It often seems that our military institutions are shrouded in secrecy. However, on November 30, 2018, the Canadian Forces eagerly welcomed us to the Peace Support Training Centre (PSTC) at CFB Kingston. While I have had the opportunity to visit military bases and engage with military personnel before, this experience was particularly eye-opening and left me with a heightened appreciation for the work being done by the Canadian Armed Forces.

Canadian annual military spending is approximately $20 billion, representing just 1.3% of our GDP and 1.2% of the global military spending (Stockholm International Peace Research Institute). As such, there is no expectation that Canada will boast the fastest fighter planes, the most capable tanks, or the largest number of personnel. Rather, there seems to have been a pragmatic and calculated decision to focus a portion of our limited military spending where Canada can have the greatest impact: peace support training.

Our first session at the PSTC introduced us to Trauma Hal, an incredibly realistic and technologically-advanced human dummy used for hands-on training of combat first aid. Trauma Hal’s chest moves with respiration, his pupils can dilate in response to light, his tongue can swell from shock, and he even has a pulse. All controlled from a tablet, he is loaded with sensors for immediate feedback when practicing simulated first aid. We had the opportunity to try performing CPR compressions and graphs monitored whether our compressions were deep enough and fast enough. In more complex scenarios, Trauma Hal can be attached to appendages with gunshot wounds or trauma from mine explosions and programmed to respond to the student’s actions, including bleeding out if a tourniquet is not correctly applied. Needless to say, I was extremely impressed with Trauma Hal and the modern technology available to support student learning at the centre.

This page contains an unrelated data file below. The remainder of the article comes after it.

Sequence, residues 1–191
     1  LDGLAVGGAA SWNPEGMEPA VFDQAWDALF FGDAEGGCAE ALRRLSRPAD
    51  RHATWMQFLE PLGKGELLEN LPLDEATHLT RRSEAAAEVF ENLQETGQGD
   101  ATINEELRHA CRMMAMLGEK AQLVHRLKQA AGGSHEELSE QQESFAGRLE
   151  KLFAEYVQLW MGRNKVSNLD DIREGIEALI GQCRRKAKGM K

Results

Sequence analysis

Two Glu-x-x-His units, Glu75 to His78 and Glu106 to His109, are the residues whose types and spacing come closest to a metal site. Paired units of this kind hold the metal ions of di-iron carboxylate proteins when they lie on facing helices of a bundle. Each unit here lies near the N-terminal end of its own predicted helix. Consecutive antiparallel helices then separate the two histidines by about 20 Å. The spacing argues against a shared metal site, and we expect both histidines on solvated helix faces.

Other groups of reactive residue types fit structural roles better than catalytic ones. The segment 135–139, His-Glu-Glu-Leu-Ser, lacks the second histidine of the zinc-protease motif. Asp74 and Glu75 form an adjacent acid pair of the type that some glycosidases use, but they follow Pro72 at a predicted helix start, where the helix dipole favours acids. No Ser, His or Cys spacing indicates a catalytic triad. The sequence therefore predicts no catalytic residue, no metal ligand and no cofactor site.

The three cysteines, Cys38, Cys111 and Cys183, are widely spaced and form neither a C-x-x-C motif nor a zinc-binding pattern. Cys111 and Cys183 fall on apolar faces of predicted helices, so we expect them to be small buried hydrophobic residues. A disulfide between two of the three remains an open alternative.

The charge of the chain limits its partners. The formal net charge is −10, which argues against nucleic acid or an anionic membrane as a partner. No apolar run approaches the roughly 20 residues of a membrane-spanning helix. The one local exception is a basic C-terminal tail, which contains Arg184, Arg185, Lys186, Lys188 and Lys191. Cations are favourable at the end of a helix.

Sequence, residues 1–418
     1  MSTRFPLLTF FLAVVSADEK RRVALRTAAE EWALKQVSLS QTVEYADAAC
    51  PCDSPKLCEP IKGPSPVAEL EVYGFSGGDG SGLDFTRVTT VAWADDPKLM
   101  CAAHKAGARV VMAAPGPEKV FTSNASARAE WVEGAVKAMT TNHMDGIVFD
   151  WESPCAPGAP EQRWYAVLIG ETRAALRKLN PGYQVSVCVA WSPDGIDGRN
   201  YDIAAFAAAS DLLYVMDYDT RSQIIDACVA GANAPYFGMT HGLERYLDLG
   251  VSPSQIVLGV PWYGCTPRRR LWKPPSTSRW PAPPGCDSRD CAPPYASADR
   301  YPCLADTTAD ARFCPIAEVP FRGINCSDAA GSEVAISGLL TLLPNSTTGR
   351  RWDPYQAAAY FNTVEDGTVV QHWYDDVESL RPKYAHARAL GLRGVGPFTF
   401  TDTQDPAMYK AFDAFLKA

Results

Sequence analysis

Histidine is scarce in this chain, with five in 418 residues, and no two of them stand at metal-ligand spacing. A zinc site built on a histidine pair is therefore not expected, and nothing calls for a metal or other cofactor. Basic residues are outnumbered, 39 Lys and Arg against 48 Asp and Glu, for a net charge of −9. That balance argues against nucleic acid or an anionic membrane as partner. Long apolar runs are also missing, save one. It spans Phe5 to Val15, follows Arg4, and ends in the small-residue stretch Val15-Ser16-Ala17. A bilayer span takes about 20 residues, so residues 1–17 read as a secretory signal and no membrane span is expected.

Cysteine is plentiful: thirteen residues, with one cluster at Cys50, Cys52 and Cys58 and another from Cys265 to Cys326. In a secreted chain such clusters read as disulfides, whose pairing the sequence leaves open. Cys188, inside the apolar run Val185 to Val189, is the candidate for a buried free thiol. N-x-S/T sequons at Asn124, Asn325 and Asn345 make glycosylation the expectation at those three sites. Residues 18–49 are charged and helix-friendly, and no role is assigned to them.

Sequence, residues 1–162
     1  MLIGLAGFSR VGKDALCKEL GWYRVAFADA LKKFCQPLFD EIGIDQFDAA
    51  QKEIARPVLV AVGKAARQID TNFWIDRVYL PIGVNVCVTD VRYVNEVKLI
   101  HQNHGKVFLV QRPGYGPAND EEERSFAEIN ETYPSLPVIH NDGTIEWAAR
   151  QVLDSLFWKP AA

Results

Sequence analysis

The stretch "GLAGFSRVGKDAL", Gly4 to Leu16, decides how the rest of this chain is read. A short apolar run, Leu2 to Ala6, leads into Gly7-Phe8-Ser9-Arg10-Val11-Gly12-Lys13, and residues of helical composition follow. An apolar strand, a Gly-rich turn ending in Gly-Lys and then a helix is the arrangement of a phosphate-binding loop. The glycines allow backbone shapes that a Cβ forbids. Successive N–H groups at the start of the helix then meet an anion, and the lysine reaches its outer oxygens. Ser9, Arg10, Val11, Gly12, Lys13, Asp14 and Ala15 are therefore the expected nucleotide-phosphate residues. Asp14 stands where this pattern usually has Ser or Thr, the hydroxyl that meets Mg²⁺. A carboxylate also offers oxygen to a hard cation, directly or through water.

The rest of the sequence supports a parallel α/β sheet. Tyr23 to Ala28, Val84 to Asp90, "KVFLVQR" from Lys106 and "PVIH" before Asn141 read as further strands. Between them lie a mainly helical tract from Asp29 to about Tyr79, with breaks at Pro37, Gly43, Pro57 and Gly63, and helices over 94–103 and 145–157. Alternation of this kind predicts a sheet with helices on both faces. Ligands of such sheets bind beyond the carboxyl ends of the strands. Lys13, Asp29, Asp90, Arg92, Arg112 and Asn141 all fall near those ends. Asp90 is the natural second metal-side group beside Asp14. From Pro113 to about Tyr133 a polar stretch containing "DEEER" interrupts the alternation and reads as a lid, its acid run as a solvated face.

After sitting amongst military personnel from throughout the base in the Routledge Dining Hall at lunch, we returned to the PSTC to learn about the threat of mines and other explosive devices. A collection of inert models in all shapes and sizes covered two tables to illustrate the wide variety of applications for explosive devices in modern warfare and the difficulty of detection. In fact, the Master Corporal leading the presentation suggested that crawling along the ground with a long stick for prodding remains one of the best methods. To prepare soldiers for deployment to regions with explosive threats, the Canadian Forces create simulated minefields, complete with explosions. Equipped with safety goggles and hearing protection, we went outside and watched some ‘practice mines’ being set-off. By stepping on a pin buried under leaves, for example, a pressurized carbon dioxide cartridge was punctured causing a startling “BOOM” and sending a plume of grey powder billowing above. It was a simple tool, yet extremely important to save lives.

While obviously serving as a training centre for Canadian Forces personnel, the PSTC also provides training to Global Affairs Canada staff being deployed to hazardous environments and welcomes military personnel from allied forces all around the world. For example, the Canadian Forces recently supported the Lebanese Armed Forces in designing and facilitating civil-military cooperation training. While the mission only involved a few Canadian Forces personnel in Lebanon over the period of a few months, the impact is long-lasting. It has forged stronger ties between the Canadian and Lebanese forces and has empowered the Lebanese Armed Forces with knowledge that can be passed on. The United States may have given Lebanon armoured vehicles with a much larger price tag, but Canada’s contribution strategically capitalizes on our strengths in training and further strengthens military and diplomatic relationships.

While Canada may not be as actively involved in UN peacekeeping missions, our trip to the PSTC demonstrated to me that the philosophy remains important to the Canadian Armed Forces and guides some of the important work they do. Everyone we encountered at the PSTC was extremely willing to share their experiences with us and I am thankful to have had the opportunity to learn from them.